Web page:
Native Plant Nursery: Hoop It Up

by Karl Wirsing/SEFS

Three winters ago, the Society for Ecological Restoration – UW Chapter (SER-UW) started organizing native plant salvages, and by late April they had several burlap sacks filled with leftover plants from restoration projects around campus. SEFS doctoral candidate Jim Cronan remembers checking to see how well those plants were doing when a duck flew out of one of the bags. The fact that a duck family was nesting in a plant bag made them realize they might need a little better storage system, so they decided to organize their first potting party in the spring.

Anna, at right, has made her work on the Native Plant Nursery the subject of her Master of Environmental Horticulture (MEH) thesis project.

Kelly Broadlick, left, and Anna Carragee, who has made her work on the Native Plant Nursery the subject of her Master of Environmental Horticulture (MEH) thesis project.

Initially, SER-UW had only planned a temporary holding for the plants until they could be planted. But that fall, Jim started envisioning a more structured nursery program as a way to hold surplus plants coming in from salvages. SER-UW got permission from the Center for Urban Horticulture (CUH) to use some bench space in one of the hoop houses for growing plants, and student employees at CUH started including their plants in the normal watering schedule in spring and summer. Then the native plant propagation class helped by donating prairie plants and setting up an irrigation system in spring 2014, and suddenly the Native Plant Nursery had taken root.

The next year, Jim approached fellow grad students Kelly Broadlick and Amanda Pole about becoming managers of the new nursery. They started recruiting volunteers and raising plants from seeds for the first time, and they ended up salvaging and potting about 1,000 plants that year. By spring 2015, SEFS master’s student Anna Carragee had gotten involved, and the nursery felt some real momentum. “Hey, we’re onto something!” Anna remembers thinking. “So we wrote a Campus Sustainability Fund (CSF) grant application and ended up getting $54,000 to build a permanent hoop house, fund two manager positions, and start propagating more plants.”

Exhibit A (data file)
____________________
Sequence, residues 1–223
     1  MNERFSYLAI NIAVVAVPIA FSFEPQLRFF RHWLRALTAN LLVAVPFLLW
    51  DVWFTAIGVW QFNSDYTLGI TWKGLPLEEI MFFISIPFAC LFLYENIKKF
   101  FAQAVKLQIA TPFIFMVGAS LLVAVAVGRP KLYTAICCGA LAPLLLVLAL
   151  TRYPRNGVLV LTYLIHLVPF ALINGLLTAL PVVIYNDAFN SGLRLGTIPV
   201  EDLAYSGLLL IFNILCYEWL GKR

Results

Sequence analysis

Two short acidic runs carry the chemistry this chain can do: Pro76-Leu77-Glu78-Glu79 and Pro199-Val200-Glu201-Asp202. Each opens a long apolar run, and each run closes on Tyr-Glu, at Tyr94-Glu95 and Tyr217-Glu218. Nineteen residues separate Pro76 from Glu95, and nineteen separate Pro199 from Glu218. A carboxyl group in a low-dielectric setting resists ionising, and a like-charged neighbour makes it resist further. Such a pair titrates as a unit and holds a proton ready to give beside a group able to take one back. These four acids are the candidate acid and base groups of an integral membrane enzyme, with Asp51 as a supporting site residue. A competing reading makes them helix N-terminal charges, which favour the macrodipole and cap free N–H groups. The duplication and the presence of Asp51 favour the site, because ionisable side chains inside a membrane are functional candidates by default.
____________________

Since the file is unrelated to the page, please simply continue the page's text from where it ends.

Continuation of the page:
With a huge boost from the grant funding, SER-UW was able to formalize the nursery program starting in the fall of 2015. They coordinated a species list, recruited interns for the first time—two per quarter—and decided to organize a restoration work party every Friday to be more consistent and have more people involved. The work parties have really caught on, too. Through the course of 24 scheduled outings, Anna says they have worked with an impressive 248 volunteers, totaling 918 volunteer hours.

In 2008, SEFS alumna Lauren Urgensen (’11, Ph.D.) founded SER-UW to bring together students at UW with a common interest in the science and practice of ecological restoration—and a common goal to restore and sustain the biodiversity of the campus.

In 2008, SEFS alumna Lauren Urgensen (’11, Ph.D.) founded SER-UW to bring together students at UW with a common interest in the science and practice of ecological restoration—and a common goal to restore and sustain the biodiversity of the campus.

The Native Plant Nursery now has an inventory of more than 2,400 plants native to the forests and prairies of Lower Puget Sound, including more than 70 different species. The plants are available for educational purposes and put to real use in restoration projects around campus, including Whitman Walk and Kincaid Ravine. “We like to think of ourselves as an educational hub for horticultural learning, and we want to be like the UW Farm—except for native plants,” says Anna.

To build their inventory and make optimal use of resources, the nursery has made some creative partnerships, including with the King County Native Plant Salvage Program—which was how they originally secured plants for restoration projects—and collecting cuttings from UW gardeners to have them turned into live stakes and cuttings at the nursery. They enjoy a steady stream of volunteers from ESRM 100, which has a component requiring students to volunteer at least once during the quarter. The nursery also sells plants to Restoration Ecology Network capstone students for their projects (their course fees include a budget to purchase plants), as well as to the Restoration of North American Ecosystems class; Anna says they work really hard to grow the species those students want.